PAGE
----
The most common reasons for menorrhagia related to the uterus are fibroids and polyps, both benign conditions, which, nevertheless, may increase menstrual blood loss. A rare cause of heavy menstruation is endometrial cancer, which accounts for 0.08% of instances of menorrhagia. Despite its rarity, cancer must be kept in kind, especially for women approaching menopause. General diseases, like thyroid conditions and diabetes, may also increase menstrual blood loss. The copper-IUD and medication that reduces blood coagulation are well-known and rather common causes of menorrhagia. Still, about for about 50% of women with menorrhagia, no specific cause is found despite examinations.

A physician must be consulted if the periods suddenly become more profuse and, especially, if there are breakthrough bleedings and/or pain. Booking a visit to a physician is always a good idea if menstrual disturbances affect your normal life in some way.

Treatment depends on the cause. If the cause is a non-gynecological, general disease, it is important to have it treated. If, for example, the cause is a polyp in the uterus, the polyp should be removed. If fibroids are the cause for heavy periods, they can be treated with medicines or surgery. Excessive bleeding may be controlled with medication, some of which is quite innocuous (tranexamic acid, NSAIDs). Of the hormonal treatments available, the hormone-IUD is the most effective one. Combined contraceptive pills reduce also menstrual blood loss.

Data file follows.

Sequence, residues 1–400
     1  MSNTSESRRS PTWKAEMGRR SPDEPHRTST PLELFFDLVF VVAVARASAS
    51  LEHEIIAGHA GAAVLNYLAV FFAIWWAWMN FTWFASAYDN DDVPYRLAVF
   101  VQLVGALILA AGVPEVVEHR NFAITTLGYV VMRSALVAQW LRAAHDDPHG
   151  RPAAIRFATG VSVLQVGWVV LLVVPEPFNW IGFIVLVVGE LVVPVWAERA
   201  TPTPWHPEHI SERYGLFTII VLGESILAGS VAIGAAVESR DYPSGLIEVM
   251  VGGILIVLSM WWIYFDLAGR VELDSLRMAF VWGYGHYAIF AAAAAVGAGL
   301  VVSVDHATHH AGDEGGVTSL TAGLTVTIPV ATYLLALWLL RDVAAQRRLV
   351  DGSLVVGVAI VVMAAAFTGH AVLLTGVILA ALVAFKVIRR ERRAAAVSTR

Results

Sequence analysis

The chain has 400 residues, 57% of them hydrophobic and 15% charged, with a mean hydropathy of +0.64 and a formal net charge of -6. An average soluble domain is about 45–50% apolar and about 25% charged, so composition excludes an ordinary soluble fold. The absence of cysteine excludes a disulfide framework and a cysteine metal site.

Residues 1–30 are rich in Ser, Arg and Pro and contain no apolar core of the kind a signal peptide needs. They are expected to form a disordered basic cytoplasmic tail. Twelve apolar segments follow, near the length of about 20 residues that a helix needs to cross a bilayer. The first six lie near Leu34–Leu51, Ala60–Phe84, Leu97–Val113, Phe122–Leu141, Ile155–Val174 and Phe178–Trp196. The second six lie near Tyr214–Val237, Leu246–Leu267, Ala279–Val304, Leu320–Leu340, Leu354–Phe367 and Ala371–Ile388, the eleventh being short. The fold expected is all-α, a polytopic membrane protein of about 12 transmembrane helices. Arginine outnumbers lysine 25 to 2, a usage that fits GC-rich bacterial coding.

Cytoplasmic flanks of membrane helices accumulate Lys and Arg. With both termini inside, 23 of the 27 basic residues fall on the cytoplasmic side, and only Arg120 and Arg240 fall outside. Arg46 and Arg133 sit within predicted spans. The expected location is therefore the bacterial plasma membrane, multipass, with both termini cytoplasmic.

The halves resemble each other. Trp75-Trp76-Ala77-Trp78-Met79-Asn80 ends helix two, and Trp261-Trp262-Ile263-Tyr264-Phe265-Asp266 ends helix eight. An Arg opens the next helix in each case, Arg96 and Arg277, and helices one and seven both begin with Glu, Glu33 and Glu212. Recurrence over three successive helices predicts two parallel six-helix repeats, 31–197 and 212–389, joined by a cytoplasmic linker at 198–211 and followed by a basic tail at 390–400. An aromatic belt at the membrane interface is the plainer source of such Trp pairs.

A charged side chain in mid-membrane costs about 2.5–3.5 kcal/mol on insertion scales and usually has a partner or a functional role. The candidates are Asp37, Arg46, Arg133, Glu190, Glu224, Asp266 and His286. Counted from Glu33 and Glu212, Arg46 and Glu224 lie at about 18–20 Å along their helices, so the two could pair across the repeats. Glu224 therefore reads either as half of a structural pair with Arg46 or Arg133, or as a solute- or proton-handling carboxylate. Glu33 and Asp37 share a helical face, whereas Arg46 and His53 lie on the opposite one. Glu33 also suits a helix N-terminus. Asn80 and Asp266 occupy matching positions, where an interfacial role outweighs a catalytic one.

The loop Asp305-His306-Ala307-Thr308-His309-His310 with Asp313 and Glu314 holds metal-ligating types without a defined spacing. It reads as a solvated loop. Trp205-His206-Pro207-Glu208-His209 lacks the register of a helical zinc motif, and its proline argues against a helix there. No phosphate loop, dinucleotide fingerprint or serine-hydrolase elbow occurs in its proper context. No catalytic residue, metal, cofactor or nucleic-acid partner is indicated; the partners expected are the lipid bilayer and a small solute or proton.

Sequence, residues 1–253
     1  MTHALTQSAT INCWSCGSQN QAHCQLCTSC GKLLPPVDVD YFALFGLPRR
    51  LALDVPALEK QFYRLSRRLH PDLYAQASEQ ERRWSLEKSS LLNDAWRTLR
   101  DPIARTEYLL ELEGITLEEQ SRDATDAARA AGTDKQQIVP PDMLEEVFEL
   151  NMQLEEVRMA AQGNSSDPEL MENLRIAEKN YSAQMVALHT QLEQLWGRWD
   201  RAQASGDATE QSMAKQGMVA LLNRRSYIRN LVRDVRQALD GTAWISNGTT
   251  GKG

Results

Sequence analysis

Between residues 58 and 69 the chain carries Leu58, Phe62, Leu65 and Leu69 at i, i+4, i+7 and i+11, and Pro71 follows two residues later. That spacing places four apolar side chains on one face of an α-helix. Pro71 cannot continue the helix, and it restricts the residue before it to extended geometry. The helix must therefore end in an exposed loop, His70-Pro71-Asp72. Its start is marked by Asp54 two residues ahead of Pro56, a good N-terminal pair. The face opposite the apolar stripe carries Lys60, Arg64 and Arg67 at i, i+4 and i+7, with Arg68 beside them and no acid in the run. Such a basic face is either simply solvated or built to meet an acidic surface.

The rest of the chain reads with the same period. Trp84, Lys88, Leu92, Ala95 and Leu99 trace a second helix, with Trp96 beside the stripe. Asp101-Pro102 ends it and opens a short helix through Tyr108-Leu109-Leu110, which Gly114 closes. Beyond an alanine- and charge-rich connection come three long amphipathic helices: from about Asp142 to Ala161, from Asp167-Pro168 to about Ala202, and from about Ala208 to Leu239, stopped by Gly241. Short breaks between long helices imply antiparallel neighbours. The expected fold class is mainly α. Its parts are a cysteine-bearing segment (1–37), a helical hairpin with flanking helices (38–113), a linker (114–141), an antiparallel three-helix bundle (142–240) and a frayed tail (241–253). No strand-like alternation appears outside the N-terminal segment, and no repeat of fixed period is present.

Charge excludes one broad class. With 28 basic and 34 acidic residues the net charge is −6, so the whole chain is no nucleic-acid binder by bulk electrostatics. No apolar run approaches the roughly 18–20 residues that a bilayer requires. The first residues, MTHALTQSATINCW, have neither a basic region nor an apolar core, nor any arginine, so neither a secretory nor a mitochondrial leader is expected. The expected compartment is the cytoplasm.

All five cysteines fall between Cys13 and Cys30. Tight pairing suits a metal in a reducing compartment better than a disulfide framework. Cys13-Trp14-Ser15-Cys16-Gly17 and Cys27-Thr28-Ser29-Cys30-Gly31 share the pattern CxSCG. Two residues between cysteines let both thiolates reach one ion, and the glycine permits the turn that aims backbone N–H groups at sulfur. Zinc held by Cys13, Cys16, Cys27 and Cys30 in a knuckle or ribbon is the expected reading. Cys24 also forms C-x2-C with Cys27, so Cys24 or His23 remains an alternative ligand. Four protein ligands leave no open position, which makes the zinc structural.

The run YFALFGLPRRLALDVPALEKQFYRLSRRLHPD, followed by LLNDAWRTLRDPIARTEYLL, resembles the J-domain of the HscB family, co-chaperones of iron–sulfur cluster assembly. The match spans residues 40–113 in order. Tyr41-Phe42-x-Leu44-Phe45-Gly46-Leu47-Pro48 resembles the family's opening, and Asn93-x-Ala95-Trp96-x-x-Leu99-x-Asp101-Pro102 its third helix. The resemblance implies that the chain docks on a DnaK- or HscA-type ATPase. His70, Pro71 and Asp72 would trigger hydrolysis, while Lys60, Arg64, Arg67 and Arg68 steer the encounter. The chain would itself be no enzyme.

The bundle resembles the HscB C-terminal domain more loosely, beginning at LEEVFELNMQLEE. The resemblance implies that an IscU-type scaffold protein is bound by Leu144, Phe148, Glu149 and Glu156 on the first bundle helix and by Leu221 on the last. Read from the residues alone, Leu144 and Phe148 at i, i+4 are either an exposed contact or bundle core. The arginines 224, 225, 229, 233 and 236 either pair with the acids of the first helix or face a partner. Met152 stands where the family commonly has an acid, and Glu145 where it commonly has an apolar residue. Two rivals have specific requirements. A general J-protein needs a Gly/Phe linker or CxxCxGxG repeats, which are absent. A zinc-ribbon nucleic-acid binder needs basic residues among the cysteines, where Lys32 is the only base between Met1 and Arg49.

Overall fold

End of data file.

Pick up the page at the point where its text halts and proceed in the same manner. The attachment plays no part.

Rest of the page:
Breakthrough bleeding

Breakthrough bleeding occurs when there is vaginal bleeding at unexpected times, i.e., between periods. The duration of the bleeding and the volume of blood lost vary. Breakthrough bleedings may occur regardless of regular or irregular periods.

In essence, all gynecological hormonal drugs (contraceptives, hormonal replacement drugs), may cause breakthrough bleeding. Gynecological infections and inflammations, cell pathology of the uterine cervix or a benign tumor of the uterus, like a polyp or fibroid, may cause breakthrough bleedings. Various menstrual disturbances, including breakthrough bleedings, occur often among women with disturbed ovulation or disturbed maturation of ova. Bleedings associated with ovulation are benign. General illnesses and some medicines may also cause breakthrough bleedings.

If a woman experiences a breakthrough bleeding for the first time or if breakthrough bleedings recur often, an examination by a physician is needed. It’s very valuable for assessing the situation, and helps the physician, if the patient records the history of her periods over several months. Often, a pap smear and a test for Chlamydia are in indicated. Taking a sample of the endometrium (inside lining of the uterus) may be considered and will provide valuable information, especially if the patient is above age 40 years.

The treatment depends on the cause.

Vaginal bleeding after menopause (postmenopausal bleeding) must always be examined and assessed by a physician; often at least an endometrial sample is needed.